NASA’s Fermi Spots a Weird Pulse of High-Energy Radiation Racing Toward Earth
When the core of massive star collapses, it can form a black hole. Some of the surrounding matter escapes in the form of powerful jets that rush outward at almost the speed of light in opposite directions, as illustrated here. Normally jets from collapsing stars produce gamma rays for many seconds to minutes. Astronomers think the jets from GRB 200826A were shut down quickly, producing the shortest gamma-ray burst (magenta) from a collapsing star ever seen.
Credit: NASA’s Goddard Space Flight Center/Chris Smith (KBRwyle)
On August 26, 2020, NASA’s Fermi Gamma-ray Space Telescope detected a pulse of high-energy radiation that had been racing toward Earth for nearly half the present age of the universe. Lasting only about a second, it turned out to be one for the record books – the shortest gamma-ray burst (GRB) caused by the death of a massive star ever seen.
GRBs are the most powerful events in the universe, detectable across billions of light-years. Astronomers classify them as long or short based on whether the event lasts for more or less than two seconds. They observe long bursts in association with the demise of massive stars, while short bursts have been linked to a different scenario.
Astronomers combined data from NASA’s Fermi Gamma-ray Space Telescope, other space missions, and ground-based observatories to reveal the origin of GRB 200826A, a brief but powerful burst of radiation. It’s the shortest burst known to be powered by a collapsing star – and almost didn’t happen at all.
Credit: NASA’s Goddard Space Flight Center
“We already knew some GRBs from massive stars could register as short GRBs, but we thought this was due to instrumental limitations,” said Bin-bin Zhang at Nanjing University in China and the University of Nevada, Las Vegas. “This burst is special because it is definitely a short-duration GRB, but its other properties point to its origin from a collapsing star. Now we know dying stars can produce short bursts, too.”
Named GRB 200826A, after the date it occurred, the burst is the subject of two papers published in Nature Astronomy on Monday, July 26. The first, led by Zhang, explores the gamma-ray data. The second, led by Tomás Ahumada, a doctoral student at the University of Maryland, College Park and NASA’s Goddard Space Flight Center in Greenbelt, Maryland, describes the GRB’s fading multiwavelength afterglow and the emerging light of the supernova explosion that followed.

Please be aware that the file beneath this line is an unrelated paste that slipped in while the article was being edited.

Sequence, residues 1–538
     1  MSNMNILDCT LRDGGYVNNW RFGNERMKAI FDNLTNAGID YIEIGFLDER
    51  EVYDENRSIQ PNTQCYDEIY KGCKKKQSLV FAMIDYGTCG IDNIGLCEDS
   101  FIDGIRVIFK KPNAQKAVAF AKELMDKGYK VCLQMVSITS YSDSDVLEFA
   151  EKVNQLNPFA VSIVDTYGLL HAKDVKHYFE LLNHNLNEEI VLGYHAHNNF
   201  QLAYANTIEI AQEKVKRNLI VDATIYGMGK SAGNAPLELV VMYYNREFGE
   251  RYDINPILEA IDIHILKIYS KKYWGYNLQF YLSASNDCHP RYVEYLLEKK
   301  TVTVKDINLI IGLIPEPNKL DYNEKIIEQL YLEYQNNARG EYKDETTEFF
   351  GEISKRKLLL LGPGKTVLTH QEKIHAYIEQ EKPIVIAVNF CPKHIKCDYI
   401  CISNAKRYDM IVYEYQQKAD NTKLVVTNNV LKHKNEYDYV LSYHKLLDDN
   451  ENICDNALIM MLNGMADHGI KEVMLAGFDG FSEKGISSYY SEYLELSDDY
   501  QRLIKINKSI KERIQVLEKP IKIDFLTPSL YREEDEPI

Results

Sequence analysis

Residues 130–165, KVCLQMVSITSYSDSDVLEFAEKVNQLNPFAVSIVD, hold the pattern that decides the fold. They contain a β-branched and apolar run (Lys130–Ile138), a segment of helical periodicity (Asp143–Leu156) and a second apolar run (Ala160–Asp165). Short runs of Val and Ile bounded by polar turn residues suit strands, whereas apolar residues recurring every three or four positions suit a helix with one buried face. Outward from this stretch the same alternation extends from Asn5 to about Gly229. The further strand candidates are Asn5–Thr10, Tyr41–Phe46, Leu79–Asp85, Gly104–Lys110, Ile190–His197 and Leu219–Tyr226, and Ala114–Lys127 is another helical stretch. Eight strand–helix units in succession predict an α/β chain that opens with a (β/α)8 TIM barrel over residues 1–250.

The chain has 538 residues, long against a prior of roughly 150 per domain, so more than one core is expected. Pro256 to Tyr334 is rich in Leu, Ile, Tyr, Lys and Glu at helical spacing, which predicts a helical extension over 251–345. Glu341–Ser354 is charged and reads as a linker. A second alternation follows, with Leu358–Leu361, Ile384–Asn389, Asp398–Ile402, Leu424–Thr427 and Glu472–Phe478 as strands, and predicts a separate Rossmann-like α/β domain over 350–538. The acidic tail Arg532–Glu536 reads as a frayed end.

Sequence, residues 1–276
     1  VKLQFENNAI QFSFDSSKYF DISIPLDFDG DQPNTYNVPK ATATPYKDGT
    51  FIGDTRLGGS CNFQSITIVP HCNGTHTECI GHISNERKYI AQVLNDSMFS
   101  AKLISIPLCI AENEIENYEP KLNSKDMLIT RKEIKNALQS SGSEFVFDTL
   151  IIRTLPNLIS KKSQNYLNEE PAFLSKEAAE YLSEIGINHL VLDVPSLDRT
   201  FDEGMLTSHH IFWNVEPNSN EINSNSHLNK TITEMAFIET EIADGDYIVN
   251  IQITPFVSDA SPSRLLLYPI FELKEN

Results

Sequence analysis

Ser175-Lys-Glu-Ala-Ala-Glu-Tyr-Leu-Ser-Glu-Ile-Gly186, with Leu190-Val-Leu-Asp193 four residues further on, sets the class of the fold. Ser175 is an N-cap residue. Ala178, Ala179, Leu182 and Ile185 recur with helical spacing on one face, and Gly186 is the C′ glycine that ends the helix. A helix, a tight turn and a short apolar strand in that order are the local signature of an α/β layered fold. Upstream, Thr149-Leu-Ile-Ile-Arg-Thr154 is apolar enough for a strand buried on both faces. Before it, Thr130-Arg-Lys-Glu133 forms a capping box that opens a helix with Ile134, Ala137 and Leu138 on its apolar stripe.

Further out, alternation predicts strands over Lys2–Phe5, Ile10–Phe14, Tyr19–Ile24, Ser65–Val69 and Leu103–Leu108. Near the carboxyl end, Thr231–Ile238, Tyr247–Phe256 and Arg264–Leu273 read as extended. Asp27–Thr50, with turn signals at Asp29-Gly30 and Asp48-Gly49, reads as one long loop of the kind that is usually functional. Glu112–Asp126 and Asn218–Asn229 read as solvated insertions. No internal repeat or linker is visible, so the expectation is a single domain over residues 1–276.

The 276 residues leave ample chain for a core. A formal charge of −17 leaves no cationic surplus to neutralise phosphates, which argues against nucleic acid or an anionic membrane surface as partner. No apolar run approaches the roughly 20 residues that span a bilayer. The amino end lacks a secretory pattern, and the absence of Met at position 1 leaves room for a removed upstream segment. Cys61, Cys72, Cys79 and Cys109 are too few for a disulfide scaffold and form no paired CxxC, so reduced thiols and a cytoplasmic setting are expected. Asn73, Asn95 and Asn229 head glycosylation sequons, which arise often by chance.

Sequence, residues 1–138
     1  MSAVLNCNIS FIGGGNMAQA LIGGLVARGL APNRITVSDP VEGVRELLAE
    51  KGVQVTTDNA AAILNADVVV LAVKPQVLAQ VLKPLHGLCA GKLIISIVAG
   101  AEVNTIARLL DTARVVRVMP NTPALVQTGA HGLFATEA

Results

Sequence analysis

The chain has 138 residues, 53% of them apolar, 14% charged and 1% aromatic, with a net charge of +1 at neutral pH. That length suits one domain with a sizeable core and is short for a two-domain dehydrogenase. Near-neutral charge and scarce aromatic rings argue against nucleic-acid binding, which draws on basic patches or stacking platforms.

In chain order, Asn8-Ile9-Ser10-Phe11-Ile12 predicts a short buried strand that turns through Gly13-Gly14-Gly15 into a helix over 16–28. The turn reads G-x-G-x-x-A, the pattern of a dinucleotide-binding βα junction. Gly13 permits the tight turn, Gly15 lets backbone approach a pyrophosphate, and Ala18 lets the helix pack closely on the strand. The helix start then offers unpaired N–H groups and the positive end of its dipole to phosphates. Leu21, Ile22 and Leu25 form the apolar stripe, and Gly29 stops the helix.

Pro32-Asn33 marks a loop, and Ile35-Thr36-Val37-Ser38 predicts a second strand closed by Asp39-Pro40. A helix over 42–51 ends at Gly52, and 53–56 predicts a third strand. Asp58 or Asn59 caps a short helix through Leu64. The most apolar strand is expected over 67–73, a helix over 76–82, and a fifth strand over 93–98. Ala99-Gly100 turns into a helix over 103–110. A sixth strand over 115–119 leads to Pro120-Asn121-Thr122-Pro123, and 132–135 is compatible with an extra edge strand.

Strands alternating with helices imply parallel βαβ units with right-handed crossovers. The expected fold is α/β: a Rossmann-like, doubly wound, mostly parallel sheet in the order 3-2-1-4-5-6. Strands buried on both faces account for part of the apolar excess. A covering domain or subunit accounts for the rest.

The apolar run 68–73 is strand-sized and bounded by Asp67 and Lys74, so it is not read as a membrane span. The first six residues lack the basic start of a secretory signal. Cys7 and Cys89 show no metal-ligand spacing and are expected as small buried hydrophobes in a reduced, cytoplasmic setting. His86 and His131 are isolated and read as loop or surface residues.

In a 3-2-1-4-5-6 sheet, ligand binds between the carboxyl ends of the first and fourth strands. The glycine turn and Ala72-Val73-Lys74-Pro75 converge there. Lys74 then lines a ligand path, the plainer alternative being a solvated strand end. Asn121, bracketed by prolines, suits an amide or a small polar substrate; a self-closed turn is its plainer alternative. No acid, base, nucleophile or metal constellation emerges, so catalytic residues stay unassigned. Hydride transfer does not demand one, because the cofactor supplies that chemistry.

“We think this event was effectively a fizzle, one that was close to not happening at all,” Ahumada said. “Even so, the burst emitted 14 million times the energy released by the entire Milky Way galaxy over the same amount of time, making it one of the most energetic short-duration GRBs ever seen.”
When a star much more massive than the Sun runs out of fuel, its core suddenly collapses and forms a black hole. As matter swirls toward the black hole, some of it escapes in the form of two powerful jets that rush outward at almost the speed of light in opposite directions. Astronomers only detect a GRB when one of these jets happens to point almost directly toward Earth.
Each jet drills through the star, producing a pulse of gamma rays – the highest-energy form of light – that can last up to minutes. Following the burst, the disrupted star then rapidly expands as a supernova.
Short GRBs, on the other hand, form when pairs of compact objects – such as neutron stars, which also form during stellar collapse – spiral inward over billions of years and collide. Fermi observations recently helped show that, in nearby galaxies, giant flares from isolated, supermagnetized neutron starsalso masquerade as short GRBs.
GRB 200826A was a sharp blast of high-energy emission lasting just 0.65 second. After traveling for eons through the expanding universe, the signal had stretched out to about one second long when it was detected by Fermi’s Gamma-ray Burst Monitor. The event also appeared in instruments aboard NASA’s Wind mission, which orbits a point between Earth and the Sun located about 930,000 miles (1.5 million kilometers) away, and Mars Odyssey, which has been orbiting the Red Planet since 2001. ESA’s (the European Space Agency’s) INTEGRAL satellite observed the blast as well.